Deputy PM orders sand export suspension
The Saigon Times Daily
Illegal sand mining is detected by law enforcement. Permanent Deputy Prime Minister Truong Hoa Binh has told relevant ministries to suspend licensing private sector projects to export sea sand - PHOTO: TTXVN
HCMC - Permanent Deputy Prime Minister Truong Hoa Binh has told relevant ministries to suspend licensing private sector projects to export sea sand.
Binh issued the order at a meeting in Hanoi on Tuesday on illegal mining of sand and pebbles which has stoked great public concern. He told relevant agencies to launch campaigns to crack down on illegal sand mining from March 15 to June 1.
A report of the Government Office said the illegal mining of sand and pebbles has become widespread in many parts of the country.
Statistics showed there have been 80 mineral mining plans including those for sand and pebbles approved by local governments. There have been 108 waterway dredging projects with the involvement of private firms, with 50 of them completed and 55 others underway. About 506 sand pumping sites have been licensed.
Violations include pumping more sand and pebbles than permitted, and failing to complete the required steps for environmental impact assessment, deposit money for environment rehabilitation, and ensure traffic safety.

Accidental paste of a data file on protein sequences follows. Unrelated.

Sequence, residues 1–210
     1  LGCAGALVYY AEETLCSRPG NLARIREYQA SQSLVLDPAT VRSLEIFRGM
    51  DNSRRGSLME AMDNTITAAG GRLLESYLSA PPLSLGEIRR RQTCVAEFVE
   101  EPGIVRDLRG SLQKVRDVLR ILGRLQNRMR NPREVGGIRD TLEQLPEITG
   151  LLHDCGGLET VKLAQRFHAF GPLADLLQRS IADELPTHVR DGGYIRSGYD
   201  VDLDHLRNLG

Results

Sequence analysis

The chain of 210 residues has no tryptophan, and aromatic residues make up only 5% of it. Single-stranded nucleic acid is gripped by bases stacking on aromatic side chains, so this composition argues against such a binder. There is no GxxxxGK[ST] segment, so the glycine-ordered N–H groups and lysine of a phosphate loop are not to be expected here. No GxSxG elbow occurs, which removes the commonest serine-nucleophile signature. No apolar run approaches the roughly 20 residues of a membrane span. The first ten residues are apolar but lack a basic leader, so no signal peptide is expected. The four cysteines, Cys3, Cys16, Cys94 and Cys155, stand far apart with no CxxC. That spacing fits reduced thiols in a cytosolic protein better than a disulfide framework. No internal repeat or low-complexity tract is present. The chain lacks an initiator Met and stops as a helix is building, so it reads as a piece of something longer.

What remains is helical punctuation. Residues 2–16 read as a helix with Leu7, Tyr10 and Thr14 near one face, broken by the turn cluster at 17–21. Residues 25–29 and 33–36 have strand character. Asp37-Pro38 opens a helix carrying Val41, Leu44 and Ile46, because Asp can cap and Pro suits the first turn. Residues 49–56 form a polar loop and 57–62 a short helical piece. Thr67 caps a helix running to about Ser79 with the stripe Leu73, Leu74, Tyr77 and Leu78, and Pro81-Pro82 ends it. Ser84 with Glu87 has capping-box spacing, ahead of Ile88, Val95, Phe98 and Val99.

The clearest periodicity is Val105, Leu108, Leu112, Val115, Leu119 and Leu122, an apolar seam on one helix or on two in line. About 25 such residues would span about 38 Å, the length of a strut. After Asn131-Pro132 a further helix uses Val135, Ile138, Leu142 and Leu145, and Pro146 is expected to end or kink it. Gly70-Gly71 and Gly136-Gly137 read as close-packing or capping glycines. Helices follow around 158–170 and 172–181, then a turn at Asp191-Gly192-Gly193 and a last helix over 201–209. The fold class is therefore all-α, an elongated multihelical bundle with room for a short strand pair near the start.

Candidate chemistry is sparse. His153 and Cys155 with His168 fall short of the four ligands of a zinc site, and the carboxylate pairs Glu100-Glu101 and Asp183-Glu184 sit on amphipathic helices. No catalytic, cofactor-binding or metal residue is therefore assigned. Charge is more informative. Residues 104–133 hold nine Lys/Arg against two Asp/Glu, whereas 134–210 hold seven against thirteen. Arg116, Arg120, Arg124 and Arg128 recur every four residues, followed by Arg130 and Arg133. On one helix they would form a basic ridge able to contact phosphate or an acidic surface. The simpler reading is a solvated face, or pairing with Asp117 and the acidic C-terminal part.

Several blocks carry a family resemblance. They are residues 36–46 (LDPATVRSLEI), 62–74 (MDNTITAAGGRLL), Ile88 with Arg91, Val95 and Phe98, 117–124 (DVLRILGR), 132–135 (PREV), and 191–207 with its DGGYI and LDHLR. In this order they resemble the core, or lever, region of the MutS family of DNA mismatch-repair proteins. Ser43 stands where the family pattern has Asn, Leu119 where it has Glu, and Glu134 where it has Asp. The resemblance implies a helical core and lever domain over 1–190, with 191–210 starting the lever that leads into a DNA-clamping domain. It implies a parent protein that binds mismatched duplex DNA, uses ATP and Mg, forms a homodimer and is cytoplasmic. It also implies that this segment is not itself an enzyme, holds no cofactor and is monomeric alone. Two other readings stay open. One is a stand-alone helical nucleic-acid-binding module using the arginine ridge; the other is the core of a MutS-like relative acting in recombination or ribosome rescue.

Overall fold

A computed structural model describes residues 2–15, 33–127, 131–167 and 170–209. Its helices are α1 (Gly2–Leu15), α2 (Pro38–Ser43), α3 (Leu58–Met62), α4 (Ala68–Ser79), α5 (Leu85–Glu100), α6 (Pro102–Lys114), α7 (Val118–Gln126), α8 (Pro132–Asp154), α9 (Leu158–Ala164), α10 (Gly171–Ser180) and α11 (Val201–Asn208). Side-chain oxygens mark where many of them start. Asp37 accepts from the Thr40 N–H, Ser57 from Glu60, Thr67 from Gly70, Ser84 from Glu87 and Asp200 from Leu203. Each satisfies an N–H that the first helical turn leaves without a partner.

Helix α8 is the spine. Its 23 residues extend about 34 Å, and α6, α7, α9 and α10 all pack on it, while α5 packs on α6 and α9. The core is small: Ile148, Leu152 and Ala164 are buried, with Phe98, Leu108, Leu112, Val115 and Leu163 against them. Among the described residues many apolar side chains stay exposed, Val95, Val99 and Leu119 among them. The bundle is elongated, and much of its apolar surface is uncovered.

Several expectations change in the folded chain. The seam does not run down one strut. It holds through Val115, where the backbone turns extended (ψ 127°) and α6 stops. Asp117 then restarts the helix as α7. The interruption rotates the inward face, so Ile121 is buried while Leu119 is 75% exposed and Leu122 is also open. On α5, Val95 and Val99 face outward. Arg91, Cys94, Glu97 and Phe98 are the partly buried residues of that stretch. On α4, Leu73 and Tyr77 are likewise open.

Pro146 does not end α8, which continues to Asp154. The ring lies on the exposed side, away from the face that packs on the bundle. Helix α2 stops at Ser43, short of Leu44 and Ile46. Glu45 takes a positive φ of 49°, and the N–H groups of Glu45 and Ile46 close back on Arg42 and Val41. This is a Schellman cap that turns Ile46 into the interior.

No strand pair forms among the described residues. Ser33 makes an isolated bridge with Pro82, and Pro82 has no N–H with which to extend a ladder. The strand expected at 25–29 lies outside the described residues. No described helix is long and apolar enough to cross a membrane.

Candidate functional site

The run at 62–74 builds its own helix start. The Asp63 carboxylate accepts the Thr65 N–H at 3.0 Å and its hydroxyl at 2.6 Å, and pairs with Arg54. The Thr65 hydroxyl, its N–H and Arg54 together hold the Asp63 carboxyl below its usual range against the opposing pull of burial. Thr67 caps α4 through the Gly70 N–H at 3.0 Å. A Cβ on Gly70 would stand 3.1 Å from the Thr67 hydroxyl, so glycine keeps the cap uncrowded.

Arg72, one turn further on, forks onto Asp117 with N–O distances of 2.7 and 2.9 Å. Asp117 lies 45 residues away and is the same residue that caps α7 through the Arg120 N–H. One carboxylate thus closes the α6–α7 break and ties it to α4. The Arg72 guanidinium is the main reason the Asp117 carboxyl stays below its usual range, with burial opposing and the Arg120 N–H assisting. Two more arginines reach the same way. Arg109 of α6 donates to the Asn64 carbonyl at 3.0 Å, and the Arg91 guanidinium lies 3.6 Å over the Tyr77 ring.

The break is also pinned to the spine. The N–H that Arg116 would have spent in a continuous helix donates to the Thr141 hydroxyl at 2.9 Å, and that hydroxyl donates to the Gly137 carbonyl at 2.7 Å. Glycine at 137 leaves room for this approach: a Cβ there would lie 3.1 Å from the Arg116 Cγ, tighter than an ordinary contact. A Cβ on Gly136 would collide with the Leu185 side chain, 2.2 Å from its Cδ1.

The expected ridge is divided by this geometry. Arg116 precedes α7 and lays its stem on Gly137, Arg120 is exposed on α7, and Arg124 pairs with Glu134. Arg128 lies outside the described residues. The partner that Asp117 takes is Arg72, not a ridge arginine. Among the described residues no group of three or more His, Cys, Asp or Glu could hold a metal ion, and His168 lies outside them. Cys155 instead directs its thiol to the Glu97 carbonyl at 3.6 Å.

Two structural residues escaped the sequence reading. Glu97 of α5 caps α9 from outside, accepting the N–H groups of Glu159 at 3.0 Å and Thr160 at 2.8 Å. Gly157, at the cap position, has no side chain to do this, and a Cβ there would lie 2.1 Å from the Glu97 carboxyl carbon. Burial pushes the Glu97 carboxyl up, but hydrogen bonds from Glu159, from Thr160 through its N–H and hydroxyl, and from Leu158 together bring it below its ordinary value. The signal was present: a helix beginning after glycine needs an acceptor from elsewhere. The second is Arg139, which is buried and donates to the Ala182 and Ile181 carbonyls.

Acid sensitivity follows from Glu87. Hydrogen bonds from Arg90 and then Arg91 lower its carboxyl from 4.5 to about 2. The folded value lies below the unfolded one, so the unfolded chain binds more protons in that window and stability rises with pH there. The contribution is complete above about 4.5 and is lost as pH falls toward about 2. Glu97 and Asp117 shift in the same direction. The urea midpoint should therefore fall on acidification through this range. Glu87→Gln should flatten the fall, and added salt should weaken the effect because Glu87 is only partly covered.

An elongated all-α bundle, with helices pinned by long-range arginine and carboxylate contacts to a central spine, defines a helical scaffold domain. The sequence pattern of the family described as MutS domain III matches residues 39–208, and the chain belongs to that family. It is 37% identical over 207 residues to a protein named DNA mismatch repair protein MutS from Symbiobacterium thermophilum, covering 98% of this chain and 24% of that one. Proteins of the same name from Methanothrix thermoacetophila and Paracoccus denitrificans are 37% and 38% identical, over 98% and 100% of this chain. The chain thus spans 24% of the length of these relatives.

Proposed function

In waterway dredging projects, contractors often pump more sand than allowed, use machines different from what is approved, declare lower sand volumes, and underpay resource mining fees.
Therefore, the Government Office ordered a halt to the exportation of sea sand which is overexploited by waterway dredging projects involving private investors so that they could map out proper sand pumping and use plans.
The office suggested stopping licensing new projects in which investors can pump sand for sale and boosting checks and oversight.
The Government should issue regulations governing waterway dredging and upgrade of navigational passages to prevent firms from illegal sand exploitation. It is important to support research and production of material replacing natural sand and offer policy incentives to organizations and individuals who use resources economically and replacement material.
It is crucial to review river sand mining and revise the zoning plan for sand ports in provinces to make it easy to control sand resources. Provinces are told to step up management of sand mining in the rivers along their administrative borders and get tough on illegal sand exploitation.
Representatives of local governments at the meeting threw their weight behind the Government Office’s proposals.
A representative of Hung Yen Province pledged the northern province would license new sand mining projects, saying that there are only two projects of this kind valid until 2018 to meet construction demand in the province.
Hung Yen does not encourage sand mining from riverbeds since this would cause landslides along river banks and impact the lives of local people.
Asked by the Deputy PM why it was difficult to deal with illegal sand exploitation, delegates complained it was hard to detect violators as they operated at night. Hanoi is the only city in the country that has filed criminal charges in one case.
Nguyen Quoc Hung, vice chairman of Hanoi, said the city had virtually stopped illegal sand exploitation. Checks have been strengthened at the licensed projects in the city.
Deputy Minister of Public Security Le Quy Vuong said illegal sand exploitation and relevant violations had caused serious consequences. Sand would be exhausted if bold measures are not taken to prevent it.